We Have Spotted Lanternfly to Thank for New Honey That Tastes Like ‘Epitome of Autumn’

Bailey Dickerson
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The invasive pest that has been terrorizing Pennsylvania and its trees for nearly seven years has now given us one good thing - spotted lanternfly honey. Image via Philadelphia Magazine.

It might be hard to believe, but the invasive pest that has been terrorizing Pennsylvania and its trees for nearly seven years has managed to give us one good thing – spotted lanternfly honey, writes Caroline Cunningham for the Philadelphia Magazine.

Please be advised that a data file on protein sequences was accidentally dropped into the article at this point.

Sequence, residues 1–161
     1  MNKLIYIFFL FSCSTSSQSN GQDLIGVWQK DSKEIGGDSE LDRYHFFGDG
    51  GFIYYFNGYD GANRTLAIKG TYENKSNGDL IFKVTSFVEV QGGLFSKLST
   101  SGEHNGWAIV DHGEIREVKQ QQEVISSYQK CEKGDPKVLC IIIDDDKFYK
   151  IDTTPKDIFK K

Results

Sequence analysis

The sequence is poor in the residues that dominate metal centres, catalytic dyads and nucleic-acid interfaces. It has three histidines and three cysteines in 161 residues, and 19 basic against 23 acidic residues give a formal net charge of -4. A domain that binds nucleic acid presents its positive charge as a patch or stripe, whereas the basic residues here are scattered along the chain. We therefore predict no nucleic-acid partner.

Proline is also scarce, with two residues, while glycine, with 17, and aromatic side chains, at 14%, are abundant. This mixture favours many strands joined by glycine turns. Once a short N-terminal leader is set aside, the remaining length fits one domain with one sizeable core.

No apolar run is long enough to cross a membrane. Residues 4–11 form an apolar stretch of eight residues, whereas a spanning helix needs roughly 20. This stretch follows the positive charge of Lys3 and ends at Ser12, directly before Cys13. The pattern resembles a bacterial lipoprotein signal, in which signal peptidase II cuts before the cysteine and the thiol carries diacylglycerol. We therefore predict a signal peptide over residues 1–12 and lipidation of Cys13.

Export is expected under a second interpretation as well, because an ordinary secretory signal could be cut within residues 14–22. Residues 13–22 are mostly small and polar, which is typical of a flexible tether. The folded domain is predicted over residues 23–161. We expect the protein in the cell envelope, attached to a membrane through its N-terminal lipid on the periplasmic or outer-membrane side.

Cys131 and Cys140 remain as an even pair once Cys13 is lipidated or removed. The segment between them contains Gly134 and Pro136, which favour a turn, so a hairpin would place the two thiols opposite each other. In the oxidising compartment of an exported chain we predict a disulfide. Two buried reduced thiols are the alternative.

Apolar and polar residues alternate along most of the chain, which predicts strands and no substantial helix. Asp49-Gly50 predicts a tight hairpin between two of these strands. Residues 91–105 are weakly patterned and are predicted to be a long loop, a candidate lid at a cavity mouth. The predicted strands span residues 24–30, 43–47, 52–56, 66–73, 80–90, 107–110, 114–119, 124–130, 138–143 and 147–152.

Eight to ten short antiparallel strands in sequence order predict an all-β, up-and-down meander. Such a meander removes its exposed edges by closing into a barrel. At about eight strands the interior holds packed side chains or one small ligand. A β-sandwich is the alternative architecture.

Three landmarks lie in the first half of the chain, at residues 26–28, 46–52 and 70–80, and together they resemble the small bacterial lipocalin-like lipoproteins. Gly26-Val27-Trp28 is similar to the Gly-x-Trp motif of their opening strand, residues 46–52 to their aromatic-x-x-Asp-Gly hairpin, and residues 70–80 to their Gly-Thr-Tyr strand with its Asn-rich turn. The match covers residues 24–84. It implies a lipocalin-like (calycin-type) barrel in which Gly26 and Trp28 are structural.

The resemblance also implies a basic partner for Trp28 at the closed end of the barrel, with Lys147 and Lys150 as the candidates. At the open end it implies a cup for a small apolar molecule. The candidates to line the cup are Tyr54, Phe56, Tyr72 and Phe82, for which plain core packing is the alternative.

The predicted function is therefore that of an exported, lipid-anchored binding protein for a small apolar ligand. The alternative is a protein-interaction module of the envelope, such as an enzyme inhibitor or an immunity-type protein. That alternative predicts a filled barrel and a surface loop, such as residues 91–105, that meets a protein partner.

This tasty honey is being sold by Philadelphia Bee and is used by baker Sarah Thompson to coat the delicious biscuits she sells in the Tall Poppy pop-up she runs with help from Andy Donaldson. They were immediately fascinated by its dark and complex flavor.

“It’s like the epitome of autumn,” said Thompson.

Last year, Penn State researchers started getting reports of darker and smokier honey being produced by local bees. They performed DNA tests on samples and determined that the sugar profiles matched the tree of haven. Since this tree does not produce nectar on its own for bees to use, there had to be a third party involved and after chopping down the tree – it turned out to be the spotted lanternfly.

Philadelphia Bee is selling the honey under the label “Doom Bloom” for $14 a jar.

Read more about the honey at the Philadelphia Magazine by clicking here.

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